Qualify For Up To $2,500 in Rebates
Discover exclusive rebates & incentive programs available to homeowners.
Upgrade to high efficiency with no upfront cost
Achieve maximum savings and rebates
Reduce your homes carbon footprint
The federal government has been making headlines recently at the UN’s COP26 climate talks in the United Kingdom, promoting Canada’s vision for climate action. Those climate change pledges, plus a recent election, have put Canada’s carbon tax back on the minds of Canadians.
There’s been much hot-button chatter about carbon taxes in recent years. Some Canadians believe that the tax is unconstitutional, it doesn’t have a meaningful environmental impact, and it gouges regular Canadians in the pocketbook. Nevertheless, many will continue getting a carbon tax rebate whether they want the federal levy or not.
Getting that carbon tax rebate, officially called Climate Action Incentive (CAI) payments, will all depend on where you live in Canada, plus the size of your household. Let’s clear the smokescreen of misinformation and better understand why the carbon tax was implemented and what kind of rebate you might be entitled to. Scroll down for a quick breakdown of each province and territory’s adoption of the tax.
Canada’s carbon tax has two parts: a carbon levy on fuel purchases and a big emitters program for industrial facilities. To explain how the carbon levy affects the average Canadian’s pocket, this article will focus more on the carbon levy and less on the big industrial emitters.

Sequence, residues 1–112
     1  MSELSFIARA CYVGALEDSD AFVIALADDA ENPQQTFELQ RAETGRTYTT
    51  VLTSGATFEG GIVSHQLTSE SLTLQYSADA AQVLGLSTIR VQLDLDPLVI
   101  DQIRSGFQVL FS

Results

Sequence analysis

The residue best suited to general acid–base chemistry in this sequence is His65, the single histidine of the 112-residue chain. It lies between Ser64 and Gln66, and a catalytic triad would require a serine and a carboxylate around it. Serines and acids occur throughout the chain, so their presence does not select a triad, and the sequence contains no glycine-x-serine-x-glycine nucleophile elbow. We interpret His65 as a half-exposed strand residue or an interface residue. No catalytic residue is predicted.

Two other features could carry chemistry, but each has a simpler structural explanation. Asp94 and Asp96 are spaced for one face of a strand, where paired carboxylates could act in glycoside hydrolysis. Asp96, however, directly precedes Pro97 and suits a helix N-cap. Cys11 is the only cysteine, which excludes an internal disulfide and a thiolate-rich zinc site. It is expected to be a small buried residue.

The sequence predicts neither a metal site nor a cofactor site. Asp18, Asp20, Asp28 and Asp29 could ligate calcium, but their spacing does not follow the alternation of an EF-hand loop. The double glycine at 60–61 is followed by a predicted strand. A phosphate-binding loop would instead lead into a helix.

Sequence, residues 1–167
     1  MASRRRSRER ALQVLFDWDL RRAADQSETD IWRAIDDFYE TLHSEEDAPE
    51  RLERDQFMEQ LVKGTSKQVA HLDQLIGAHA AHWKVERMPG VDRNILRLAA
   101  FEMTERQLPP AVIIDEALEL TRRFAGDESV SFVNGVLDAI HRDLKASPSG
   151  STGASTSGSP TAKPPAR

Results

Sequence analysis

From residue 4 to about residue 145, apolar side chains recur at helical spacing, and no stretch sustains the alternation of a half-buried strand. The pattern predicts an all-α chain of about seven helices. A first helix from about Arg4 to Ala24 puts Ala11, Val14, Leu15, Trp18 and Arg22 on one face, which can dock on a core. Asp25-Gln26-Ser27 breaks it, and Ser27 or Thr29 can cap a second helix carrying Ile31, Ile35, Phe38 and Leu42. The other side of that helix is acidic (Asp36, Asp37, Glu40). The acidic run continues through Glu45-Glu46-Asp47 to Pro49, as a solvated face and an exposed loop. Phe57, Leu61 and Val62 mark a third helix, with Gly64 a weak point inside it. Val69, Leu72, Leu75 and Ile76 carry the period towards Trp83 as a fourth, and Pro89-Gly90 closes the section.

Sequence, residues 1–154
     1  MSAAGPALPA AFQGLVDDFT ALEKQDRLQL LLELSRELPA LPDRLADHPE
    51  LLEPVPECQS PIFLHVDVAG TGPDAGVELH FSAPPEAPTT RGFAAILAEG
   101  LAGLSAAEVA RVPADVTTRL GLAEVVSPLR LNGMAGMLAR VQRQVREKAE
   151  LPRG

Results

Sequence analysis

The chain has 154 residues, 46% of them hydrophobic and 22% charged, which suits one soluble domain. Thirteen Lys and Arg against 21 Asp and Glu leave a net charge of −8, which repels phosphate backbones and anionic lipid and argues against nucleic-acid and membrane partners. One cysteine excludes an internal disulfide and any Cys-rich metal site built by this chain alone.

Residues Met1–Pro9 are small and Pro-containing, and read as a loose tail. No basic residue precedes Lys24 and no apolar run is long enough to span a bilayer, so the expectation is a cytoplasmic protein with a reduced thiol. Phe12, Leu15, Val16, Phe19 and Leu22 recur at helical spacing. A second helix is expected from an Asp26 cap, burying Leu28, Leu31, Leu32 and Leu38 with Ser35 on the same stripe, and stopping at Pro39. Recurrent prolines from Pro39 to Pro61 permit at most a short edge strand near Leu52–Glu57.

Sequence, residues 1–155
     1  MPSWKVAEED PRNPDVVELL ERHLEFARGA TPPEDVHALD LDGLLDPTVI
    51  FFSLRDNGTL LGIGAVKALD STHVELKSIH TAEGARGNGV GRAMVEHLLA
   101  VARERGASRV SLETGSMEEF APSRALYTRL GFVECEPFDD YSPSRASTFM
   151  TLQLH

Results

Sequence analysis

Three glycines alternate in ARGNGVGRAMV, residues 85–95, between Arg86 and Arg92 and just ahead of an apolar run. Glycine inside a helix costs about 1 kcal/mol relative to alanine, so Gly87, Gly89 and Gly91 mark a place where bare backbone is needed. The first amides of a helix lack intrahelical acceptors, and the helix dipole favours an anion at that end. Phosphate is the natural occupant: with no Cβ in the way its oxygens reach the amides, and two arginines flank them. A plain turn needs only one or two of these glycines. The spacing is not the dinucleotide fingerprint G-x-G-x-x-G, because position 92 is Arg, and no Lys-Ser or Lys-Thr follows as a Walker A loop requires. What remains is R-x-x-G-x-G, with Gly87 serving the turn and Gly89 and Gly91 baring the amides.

How does carbon tax work In Canada?
Source: Carbon pricing is now in effect across Canada. What is it anyway? (Globe & Mail)
In the summer of 2018, Prime Minister Justin Trudeau’s government passed the Greenhouse Gas Pollution Pricing Act, dubbed the carbon tax, as part of a 2015 campaign pledge to put a price on pollution. The bill gave his government the authority to implement a carbon pricing system for provinces that do not have an adequate carbon pricing model of their own. The tax started at $20 per ton in 2019 and will rise $10 per ton each year until reaching $50 per ton in 2022.
The goal, in part, is for Canada to meet its obligation to the Paris Agreement. That means cutting Canada’s carbon pollution by 40% below 2005 levels by 2030.
In December 2020, Trudeau announced a gradual hike in the federal carbon tax on fuels to $170 a tonne by 2030. He also announced a $15 billion investment over the next decade that will go towards building up Canada’s electric vehicle charging infrastructure, buying incentives for zero-emission vehicles, and home retrofits.
The government of Canada calls the tax “revenue neutral” because all direct proceeds of the program go directly back to residents in the provinces where the federal system was forcefully adopted.
What is the Climate Action Incentive rebate?
For the provincial governments that refused to adopt the carbon tax, Trudeau wasn’t about to reward them with billions in new tax revenue. That’s why the feds created the Climate Action Incentive (CAI) – to make sure taxpayers are on the receiving end of the carbon tax revenue – not uncooperative premiers. It also softens the blow for those cringing at increased power bills and pump prices.